Thus, the placement of the exhaust conduit end 34a controls the amount of the probe tip 22 that will freeze tissue. That is, if a line L is drawn transversely through the probe tip at the location of conduit end 34a, the portion of the tip distally of line L defined as the freeze zone, will freeze tissue, while the probe parts proximally of line L do not become cold enough to freeze tissue. By properly situating the exhaust tube end 34a inside tip 22, one can adjust the position of line L along the longitudinal axis of the tip 22 and thus control the size of the freeze zone Z. In practice, the conduit end 34a should be situated so that the freeze zone is large enough to form an adequately sized ice ball in the targeted tissue for the particular cryosurgical procedure, but not so large that upper portions of tip 22 unavoidable freeze tissue adjacent to the target area.
Although the inclusion of the exhaust conduit 34 inside tip 22 increases the refrigerant back pressure in the tip on the order of 10%, probe performance is not affected adversely to any significant extent.
The placement of the exhaust conduit end 34ainside probe tip 22 as described also shortens the defrost time or probes having a defrost capability. More particularly, as noted previously, the dead gas space D insulates the metallic parts above the line L from cold refrigerant. Therefore, those parts need not be warmed as much during the defrost cycle of the probe. It follows then that more heat is available to warm the working end of the tip in the frost zone Z and the tissue contacted thereby so that defrost and detachment proceeds more quickly.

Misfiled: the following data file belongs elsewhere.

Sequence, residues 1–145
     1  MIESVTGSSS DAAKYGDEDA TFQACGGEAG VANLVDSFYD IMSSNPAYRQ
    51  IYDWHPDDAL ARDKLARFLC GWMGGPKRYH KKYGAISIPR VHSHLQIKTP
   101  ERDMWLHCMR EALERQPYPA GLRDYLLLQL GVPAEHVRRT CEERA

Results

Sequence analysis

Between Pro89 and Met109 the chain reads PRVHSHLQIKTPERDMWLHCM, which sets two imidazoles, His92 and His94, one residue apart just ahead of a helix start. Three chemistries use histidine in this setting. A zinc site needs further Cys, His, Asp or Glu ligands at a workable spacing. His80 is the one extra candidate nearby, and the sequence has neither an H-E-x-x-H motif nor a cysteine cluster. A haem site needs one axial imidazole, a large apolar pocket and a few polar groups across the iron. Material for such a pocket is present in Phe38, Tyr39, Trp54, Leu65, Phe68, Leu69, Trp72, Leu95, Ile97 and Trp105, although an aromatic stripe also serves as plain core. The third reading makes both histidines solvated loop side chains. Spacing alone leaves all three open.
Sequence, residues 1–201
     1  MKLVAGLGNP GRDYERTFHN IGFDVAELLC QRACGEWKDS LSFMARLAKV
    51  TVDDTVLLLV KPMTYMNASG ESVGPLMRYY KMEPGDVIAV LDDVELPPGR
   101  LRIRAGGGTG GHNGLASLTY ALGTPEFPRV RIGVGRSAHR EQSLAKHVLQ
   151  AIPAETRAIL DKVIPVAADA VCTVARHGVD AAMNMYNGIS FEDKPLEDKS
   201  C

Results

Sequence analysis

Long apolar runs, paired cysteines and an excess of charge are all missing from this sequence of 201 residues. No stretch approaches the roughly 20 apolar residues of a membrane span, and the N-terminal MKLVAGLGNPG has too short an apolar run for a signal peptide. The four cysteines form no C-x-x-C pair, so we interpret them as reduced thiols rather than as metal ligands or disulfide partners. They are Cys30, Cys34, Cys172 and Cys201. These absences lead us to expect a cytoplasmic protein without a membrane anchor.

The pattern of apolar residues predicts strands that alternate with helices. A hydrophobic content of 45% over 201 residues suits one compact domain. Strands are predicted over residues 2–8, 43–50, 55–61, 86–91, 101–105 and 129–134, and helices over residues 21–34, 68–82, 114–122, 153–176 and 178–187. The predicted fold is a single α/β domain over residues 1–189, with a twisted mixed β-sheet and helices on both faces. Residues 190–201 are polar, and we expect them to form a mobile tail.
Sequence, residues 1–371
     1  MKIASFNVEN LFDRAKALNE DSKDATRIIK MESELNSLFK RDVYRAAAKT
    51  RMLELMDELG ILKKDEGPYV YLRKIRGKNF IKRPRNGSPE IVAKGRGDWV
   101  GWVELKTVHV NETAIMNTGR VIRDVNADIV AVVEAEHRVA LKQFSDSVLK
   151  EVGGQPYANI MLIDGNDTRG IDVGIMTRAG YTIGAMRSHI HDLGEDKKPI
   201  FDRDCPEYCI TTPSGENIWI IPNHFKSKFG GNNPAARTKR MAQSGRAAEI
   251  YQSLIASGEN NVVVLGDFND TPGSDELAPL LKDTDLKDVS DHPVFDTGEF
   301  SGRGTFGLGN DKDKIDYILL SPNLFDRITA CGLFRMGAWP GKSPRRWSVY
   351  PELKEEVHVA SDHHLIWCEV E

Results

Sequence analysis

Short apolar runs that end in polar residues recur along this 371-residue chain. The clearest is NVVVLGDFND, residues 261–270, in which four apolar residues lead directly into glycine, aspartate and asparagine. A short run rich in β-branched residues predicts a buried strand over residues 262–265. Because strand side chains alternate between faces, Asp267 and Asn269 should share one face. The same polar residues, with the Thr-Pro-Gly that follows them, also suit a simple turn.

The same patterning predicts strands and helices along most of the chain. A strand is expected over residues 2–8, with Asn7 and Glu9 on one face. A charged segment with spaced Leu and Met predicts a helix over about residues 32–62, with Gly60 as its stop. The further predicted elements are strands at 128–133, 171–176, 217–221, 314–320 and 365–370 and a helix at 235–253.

Turning now to FIG. 2, in a modified version of the probe, the exhaust conduit 34 is slidable along the length of the probe so that its end 34a can be positioned at a selected distance proximally of the end of the supply conduit 32. This allows the doctor to adjust the size of the freeze zone Z to suit his needs.
Positioning of the exhaust tube end can be accomplished simply by providing slack in conduit 34, for example, by forming it into loops 34b inside handle 12. Then a slide button 42 is secured to the conduit below loops 34b. The slide button 42 projects through a slot 44 in handle 12 allowing the doctor to adjust the position of conduit end 34a in tip 22 simply by sliding the button 42 along the slot.
Suitable indicia may be provided adjacent the slot to indicate for a given position of button 42 the location of the conduit end 34a and thus the size of the freeze zone Z at the tip.